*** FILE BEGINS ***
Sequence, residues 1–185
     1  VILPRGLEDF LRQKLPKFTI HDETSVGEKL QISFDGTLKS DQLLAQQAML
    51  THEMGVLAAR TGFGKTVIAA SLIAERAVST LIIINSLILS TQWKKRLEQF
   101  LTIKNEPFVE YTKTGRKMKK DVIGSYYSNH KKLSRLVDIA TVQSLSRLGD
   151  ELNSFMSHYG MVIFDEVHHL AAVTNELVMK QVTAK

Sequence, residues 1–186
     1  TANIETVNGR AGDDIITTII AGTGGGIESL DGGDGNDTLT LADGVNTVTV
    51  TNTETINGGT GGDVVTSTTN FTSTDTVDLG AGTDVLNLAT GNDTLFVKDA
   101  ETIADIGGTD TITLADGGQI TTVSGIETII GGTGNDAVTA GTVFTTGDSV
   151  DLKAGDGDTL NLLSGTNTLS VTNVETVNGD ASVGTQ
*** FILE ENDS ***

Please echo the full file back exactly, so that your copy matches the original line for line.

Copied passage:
Sequence, residues 1–185
     1  VILPRGLEDF LRQKLPKFTI HDETSVGEKL QISFDGTLKS DQLLAQQAML
    51  THEMGVLAAR TGFGKTVIAA SLIAERAVST LIIINSLILS TQWKKRLEQF
   101  LTIKNEPFVE YTKTGRKMKK DVIGSYYSNH KKLSRLVDIA TVQSLSRLGD
   151  ELNSFMSHYG MVIFDEVHHL AAVTNELVMK QVTAK

Sequence, residues 1–186
     1  TANIETVNGR AGDDIITTII AGTGGGIESL DGGDGNDTLT LADGVNTVTV
    51  TNTETINGGT GGDVVTSTTN FTSTDTVDLG AGTDVLNLAT GNDTLFVKDA
   101  ETIADIGGTD TITLADGGQI TTVSGIETII GGTGNDAVTA GTVFTTGDSV
   151  DLKAGDGDTL NLLSGTNTLS VTNVETVNGD ASVGTQ